The soft flowing hands of Tai Chi Chuan, are not unlike the brush stroke of the calligrapher, the movement of the sword, or the strike of the Kenpo master. Each is an art, and each teaches the student a different perspective. However, the student must first know his own art, and the student must distinguish what was art at the time of Musashi from that which is called art today. He must understand not only the techniques for attack and defense, but he must practice them and become skilled in every facit of Kenpo.
I had the good fortune of having the great musical composer, Bronislaw Kaper, as one of my close friends. His music compositions set the themes for hundreds of movies, yet his art extended to the saber which he learned and became Poland's Junior Saber Champion in the early 20th Century. Kenpo was an extension of these arts and as Bronie watched the new music arts deviate from the classics to undisciplined popularity, he declared to me that people, like their music lose their way. Then as he saw Kenpo deviate from the Way he told me he saw the very essence of Kenpo dissipate into absurdity.
Bronie and I watched one day as our Kenpo master demonstrated a new staff set one of his students had created. Bronie picked up a staff and watched as the master moved and twirled the staff, then as the master approached, Bronie moved his own staff just slightly and sent the staff of the master flying out of his hands. Bronie was greatly disappointed by what had happened and told me that when an inept student is better than the master, art is debased. Kenpo, like Tai Chi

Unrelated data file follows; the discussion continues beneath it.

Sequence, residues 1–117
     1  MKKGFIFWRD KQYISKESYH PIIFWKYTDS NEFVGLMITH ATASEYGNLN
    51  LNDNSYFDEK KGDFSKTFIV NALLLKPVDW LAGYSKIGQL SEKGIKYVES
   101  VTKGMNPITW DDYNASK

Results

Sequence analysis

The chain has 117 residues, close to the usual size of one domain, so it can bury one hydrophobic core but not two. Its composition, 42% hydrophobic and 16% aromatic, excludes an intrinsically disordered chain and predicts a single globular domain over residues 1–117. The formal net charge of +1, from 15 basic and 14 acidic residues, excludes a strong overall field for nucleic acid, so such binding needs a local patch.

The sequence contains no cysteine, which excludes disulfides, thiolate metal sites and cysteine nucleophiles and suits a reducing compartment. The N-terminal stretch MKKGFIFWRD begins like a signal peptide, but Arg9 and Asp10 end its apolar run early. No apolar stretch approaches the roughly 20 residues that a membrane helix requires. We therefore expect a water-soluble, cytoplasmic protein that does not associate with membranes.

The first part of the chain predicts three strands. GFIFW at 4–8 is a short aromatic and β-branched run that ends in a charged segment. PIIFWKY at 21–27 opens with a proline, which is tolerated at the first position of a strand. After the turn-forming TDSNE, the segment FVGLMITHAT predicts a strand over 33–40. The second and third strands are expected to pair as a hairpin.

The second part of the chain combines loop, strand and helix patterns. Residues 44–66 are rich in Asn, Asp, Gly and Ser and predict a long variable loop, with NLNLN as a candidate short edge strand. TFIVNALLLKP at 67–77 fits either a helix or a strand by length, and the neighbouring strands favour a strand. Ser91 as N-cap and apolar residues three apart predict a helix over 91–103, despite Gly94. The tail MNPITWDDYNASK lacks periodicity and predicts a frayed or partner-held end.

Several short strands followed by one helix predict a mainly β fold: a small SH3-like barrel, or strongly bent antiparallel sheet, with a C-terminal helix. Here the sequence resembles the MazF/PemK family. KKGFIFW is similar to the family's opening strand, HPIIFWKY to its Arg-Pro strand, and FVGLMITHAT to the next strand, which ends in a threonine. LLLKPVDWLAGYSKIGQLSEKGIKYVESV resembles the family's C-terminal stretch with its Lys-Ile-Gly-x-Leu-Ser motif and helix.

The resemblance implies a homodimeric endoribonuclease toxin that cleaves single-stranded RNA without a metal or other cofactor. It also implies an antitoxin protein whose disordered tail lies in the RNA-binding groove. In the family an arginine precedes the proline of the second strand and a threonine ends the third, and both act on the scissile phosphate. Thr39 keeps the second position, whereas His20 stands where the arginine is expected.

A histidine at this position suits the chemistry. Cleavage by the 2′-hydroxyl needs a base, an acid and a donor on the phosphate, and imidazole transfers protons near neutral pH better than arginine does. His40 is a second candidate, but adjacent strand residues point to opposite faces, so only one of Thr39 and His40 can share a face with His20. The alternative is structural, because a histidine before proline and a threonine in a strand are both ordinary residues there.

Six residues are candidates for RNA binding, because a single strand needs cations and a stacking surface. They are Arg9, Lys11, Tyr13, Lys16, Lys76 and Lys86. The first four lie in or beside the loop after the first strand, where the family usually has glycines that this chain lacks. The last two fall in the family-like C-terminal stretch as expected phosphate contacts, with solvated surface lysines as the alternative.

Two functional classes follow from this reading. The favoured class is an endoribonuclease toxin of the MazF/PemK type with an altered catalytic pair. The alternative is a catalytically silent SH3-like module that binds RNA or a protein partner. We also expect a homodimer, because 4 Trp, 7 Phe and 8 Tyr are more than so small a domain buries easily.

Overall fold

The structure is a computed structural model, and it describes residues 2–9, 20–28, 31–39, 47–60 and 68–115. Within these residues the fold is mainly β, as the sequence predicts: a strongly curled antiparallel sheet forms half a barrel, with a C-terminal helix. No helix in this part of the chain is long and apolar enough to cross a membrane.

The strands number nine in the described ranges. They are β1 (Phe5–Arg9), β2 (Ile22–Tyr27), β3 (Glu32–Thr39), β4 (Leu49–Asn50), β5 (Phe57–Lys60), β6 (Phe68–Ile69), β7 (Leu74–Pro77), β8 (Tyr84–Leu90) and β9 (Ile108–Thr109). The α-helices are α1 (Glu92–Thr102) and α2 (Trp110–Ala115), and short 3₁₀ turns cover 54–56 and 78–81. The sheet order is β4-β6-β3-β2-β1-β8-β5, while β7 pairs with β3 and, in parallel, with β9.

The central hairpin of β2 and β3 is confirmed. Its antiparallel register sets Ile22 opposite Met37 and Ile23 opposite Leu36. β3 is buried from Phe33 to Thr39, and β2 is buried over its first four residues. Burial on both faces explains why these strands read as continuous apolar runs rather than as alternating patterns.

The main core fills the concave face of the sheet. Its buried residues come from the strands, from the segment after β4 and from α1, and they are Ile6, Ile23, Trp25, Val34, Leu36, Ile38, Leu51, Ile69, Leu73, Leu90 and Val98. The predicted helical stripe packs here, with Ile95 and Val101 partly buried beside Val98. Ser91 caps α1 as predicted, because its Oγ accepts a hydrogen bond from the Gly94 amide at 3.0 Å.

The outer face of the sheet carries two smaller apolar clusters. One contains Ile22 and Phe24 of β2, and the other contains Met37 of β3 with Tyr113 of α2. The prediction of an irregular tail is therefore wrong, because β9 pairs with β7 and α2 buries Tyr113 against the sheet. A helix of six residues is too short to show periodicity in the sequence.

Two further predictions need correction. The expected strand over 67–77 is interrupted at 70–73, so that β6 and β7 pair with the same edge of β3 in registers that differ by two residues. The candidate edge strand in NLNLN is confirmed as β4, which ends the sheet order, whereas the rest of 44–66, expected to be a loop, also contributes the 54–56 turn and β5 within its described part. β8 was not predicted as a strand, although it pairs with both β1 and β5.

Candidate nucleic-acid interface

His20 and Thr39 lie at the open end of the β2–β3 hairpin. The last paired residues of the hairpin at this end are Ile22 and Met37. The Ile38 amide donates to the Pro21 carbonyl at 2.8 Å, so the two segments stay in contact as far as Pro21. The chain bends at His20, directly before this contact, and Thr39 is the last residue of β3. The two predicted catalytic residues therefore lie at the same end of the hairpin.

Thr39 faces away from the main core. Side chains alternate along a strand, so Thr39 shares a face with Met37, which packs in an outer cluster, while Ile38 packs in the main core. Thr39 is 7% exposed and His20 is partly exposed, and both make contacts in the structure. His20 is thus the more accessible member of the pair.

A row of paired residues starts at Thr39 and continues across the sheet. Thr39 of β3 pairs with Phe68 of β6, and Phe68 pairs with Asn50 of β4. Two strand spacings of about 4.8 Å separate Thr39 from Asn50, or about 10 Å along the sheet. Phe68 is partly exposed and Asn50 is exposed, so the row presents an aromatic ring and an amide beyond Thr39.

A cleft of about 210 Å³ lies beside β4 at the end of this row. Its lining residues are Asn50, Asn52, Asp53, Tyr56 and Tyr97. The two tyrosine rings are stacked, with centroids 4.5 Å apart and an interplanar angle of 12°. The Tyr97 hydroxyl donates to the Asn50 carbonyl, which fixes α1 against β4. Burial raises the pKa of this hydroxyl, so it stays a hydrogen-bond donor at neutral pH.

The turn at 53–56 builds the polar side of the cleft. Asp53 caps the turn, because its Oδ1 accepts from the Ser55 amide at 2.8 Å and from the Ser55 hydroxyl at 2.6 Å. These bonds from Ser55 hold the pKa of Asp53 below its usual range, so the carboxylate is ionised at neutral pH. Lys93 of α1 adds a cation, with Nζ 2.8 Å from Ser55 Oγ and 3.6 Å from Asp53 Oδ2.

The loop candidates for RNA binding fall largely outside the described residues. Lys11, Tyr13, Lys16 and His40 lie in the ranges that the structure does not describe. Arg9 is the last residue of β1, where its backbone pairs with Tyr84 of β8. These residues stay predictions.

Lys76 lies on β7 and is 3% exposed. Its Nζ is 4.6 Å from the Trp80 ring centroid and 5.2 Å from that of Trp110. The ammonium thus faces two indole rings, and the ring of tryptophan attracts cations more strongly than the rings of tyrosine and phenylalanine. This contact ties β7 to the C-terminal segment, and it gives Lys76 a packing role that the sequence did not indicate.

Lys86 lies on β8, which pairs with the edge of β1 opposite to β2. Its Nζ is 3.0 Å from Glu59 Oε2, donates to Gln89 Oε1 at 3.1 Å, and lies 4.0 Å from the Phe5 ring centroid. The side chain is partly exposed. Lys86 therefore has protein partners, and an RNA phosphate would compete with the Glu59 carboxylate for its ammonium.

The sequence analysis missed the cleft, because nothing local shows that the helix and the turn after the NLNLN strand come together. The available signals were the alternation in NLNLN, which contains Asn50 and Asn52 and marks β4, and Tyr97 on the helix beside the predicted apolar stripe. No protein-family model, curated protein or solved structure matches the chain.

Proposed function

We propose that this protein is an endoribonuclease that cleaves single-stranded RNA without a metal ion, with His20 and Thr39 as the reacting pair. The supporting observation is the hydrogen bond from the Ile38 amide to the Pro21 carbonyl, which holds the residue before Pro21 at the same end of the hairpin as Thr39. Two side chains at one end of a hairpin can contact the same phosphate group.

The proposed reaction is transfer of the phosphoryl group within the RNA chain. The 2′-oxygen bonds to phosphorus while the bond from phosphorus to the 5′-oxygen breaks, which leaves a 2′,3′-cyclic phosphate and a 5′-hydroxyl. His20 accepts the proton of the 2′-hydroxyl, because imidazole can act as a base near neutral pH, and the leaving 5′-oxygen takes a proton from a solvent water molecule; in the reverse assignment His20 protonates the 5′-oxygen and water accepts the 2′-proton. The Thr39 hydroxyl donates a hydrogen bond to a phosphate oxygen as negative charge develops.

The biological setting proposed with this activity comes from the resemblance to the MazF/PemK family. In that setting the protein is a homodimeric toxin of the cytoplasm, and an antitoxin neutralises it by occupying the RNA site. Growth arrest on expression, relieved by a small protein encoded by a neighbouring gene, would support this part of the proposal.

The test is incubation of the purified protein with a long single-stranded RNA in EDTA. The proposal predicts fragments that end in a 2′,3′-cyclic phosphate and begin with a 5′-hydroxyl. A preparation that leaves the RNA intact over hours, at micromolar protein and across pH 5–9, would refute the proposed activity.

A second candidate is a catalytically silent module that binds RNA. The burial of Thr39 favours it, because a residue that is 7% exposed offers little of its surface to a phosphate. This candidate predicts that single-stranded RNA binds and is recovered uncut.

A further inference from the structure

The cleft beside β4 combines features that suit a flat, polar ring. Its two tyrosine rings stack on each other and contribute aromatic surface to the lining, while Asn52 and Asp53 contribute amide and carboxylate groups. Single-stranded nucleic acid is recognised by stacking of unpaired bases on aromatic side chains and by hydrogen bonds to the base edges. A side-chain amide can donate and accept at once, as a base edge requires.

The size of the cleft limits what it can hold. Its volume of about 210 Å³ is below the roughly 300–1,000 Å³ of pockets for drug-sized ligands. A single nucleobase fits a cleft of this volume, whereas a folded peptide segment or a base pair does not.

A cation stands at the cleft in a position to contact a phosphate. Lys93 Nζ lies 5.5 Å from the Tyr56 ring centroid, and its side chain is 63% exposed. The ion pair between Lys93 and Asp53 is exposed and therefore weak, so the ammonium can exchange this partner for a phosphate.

and classic music is, "boundless as the sea and sky," yet when any art is narrowed by lack of knowledge or technique it deviates from the Way. Likewise, to become acquainted with every art is, a broad principle that the student must train in the Way in order to master strategy.
The student cannot know Kenpo if his teacher does not know Kenpo, or is inept. Nor can one know a few Kenpo techniques and really know Kenpo. This can best be seen in the Chinese Kung Fu styles. Each style was developed to defeat the master of another style. But in order to do this, the master of the style, the one who created it, first had to know the style he wanted to defeat. It is axiomatic that the best swordsman in all of France never feared the second best swordsman, because he knew everything the latter knew. No, what he feared was the swordsman he did not know, the one who had not trained in the schools in which he trained.